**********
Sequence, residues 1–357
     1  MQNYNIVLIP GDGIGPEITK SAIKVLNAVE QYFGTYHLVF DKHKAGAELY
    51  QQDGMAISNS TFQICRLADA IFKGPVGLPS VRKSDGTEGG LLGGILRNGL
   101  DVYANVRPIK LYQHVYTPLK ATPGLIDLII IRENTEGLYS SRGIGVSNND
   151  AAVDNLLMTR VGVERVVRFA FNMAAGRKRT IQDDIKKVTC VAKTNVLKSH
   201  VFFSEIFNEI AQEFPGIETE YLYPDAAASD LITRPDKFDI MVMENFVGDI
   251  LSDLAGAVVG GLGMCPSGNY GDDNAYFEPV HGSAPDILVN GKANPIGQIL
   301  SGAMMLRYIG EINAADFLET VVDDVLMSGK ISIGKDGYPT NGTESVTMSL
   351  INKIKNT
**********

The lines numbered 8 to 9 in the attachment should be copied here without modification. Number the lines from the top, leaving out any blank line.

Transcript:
   301  SGAMMLRYIG EINAADFLET VVDDVLMSGK ISIGKDGYPT NGTESVTMSL
   351  INKIKNT